GLAZUNOV: 5 Novelettes / String Quintet, Op. 39 (Adam Abeshouse/ Fine Arts Quartet/ Nathaniel Rosen) (Naxos: 8.570256)
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Alexander Glazunov (1865-1936)
Five Novelettes, Op. 15 String Quintet in A major, Op. 39
It is becoming increasingly unnecessary to defend the reputation of Glazunov. He belonged to a generation of Russian composers that was able to benefit from more professional standards of compositional technique, absorbing and helping to create a synthesis of the national, that might sometimes be expressed crudely enough, and the technique of the conservatories, that might sometimes seem facile. Glazunov worked closely with Rimsky-Korsakov, to whom Balakirev, his mother's teacher, had recommended him, and played an important part in the education of a new generation of Russian composers such as Shostakovich.
Alexander Konstantinovich Glazunov was born in St Petersburg in 1865, the son of a publisher and bookseller. As a child he showed considerable musical ability and in 1879 met Balakirev and hence Rimsky-Korsakov. By the age of sixteen he had finished the first of his nine symphonies, which was performed under the direction of Balakirev, whose influence is perceptible in the work. The relationship with Balakirev was not to continue. The rich timber-merchant Mitrofan Petrovich Belyayev had been present at the first performance of the symphony and travelled to Moscow to hear Rimsky-Korsakov conduct a second performance there. He attended the Moscow rehearsals and his meeting with Rimsky-Korsakov was the beginning of a new informal association of Russian composers, perceived by Balakirev as a threat to his own position and influence, as self-appointed mentor of the Russian nationalist composers. Glazunov became part of Belyayev's circle, attending his Friday evenings with Rimsky-Korsakov, rather than Balakirev's Tuesday evening meetings. Belyayev took Glazunov, in 1884, to meet Liszt in Weimar, where the First Symphony was performed.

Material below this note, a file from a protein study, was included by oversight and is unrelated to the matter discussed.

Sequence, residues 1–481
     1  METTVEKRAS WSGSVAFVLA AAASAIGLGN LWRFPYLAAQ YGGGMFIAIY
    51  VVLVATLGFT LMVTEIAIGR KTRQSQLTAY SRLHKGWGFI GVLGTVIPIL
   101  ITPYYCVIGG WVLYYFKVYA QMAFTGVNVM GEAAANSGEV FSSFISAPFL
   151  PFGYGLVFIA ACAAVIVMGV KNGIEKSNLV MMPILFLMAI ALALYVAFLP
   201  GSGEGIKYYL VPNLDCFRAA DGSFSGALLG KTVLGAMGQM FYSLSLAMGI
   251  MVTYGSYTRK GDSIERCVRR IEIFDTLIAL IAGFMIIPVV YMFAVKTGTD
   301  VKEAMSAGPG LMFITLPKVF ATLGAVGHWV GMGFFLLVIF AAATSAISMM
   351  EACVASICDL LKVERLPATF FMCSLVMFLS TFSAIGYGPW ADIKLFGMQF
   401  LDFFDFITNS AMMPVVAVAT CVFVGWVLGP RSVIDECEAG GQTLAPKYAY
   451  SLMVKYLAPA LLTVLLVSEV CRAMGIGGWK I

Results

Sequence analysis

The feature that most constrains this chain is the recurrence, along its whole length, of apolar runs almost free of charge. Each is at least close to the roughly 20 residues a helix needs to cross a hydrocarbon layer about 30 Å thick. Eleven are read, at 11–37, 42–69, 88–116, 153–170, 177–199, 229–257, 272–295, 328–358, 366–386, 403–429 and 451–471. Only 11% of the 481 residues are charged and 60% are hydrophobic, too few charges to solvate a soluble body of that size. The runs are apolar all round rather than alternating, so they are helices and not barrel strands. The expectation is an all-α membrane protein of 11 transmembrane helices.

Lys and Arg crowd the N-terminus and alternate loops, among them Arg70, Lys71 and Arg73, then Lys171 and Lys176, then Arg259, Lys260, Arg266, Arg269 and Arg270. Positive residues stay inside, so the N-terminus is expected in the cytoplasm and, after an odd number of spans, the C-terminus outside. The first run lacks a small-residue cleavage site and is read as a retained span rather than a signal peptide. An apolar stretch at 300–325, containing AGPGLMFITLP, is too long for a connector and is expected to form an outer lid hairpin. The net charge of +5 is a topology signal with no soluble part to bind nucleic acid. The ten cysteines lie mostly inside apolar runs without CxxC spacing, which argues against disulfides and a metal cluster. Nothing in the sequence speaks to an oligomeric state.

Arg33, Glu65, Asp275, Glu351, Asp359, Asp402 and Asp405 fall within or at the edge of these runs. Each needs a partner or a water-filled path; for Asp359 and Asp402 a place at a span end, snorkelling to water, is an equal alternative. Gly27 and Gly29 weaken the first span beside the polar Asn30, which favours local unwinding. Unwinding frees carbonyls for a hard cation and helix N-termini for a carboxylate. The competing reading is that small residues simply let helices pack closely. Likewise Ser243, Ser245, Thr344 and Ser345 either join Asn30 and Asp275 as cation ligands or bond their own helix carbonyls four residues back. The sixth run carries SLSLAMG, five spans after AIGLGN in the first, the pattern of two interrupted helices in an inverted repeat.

In 1899 Glazunov joined the staff of the Conservatory in St Petersburg, but by this time his admiration for his teacher seems to have cooled. Rimsky-Korsakov's wife was later to remark on Glazunov's admiration for Tchaikovsky and Brahms, suspecting in this the influence of Taneyev and of the critic Laroche, champion of Tchaikovsky and a strong opponent of the nationalists, a man described by Rimsky-Korsakov as the Russian equivalent of Hanslick in Vienna, a comparison that, from him, was not entirely complimentary.
Glazunov, however, remained a colleague and friend of Rimsky-Korsakov, and demonstrated this after the political disturbance of 1905, when the latter had signed a letter of protest at the suppression of some element of democracy in Russia and had openly sympathized with Conservatory students who had joined liberal protests against official policies. Rimsky-Korsakov was dismissed from the Conservatory, to be reinstated by Glazunov, elected director of an institution that, in the aftermath, had now won a measure of autonomy. Glazunov remained director of the Conservatory until 1930.
In 1928 he left Russia in order to attend the Schubert celebrations in Vienna. Thereafter he remained abroad, with a busy round of engagements as a conductor, finally settling near Paris until his death in 1936.
It says much for the esteem in which Glazunov was held that he was able to steer the Conservatory through years of great hardship, difficulty and political turmoil, fortified in his task, it seems, by the illicit supply of vodka provided for him by the father of Shostakovich, then a student there. Emaciated through the years of privation after the Revolution, he eventually assumed a more substantial appearance again, compared by the English press to a retired tea-planter or a prosperous bank-manager, with his rimless glasses and gold watch-chain. His appearance was in accordance with his musical tastes. He found fault with Stravinsky's ear and could not abide the music of Richard Strauss, while the student Prokofiev seems to have shocked him with the discords of his Scythian Suite. His own music continued the tradition of Tchaikovsky and to this extent seemed an anachronism in an age when composers were indulging in experiments of all kinds.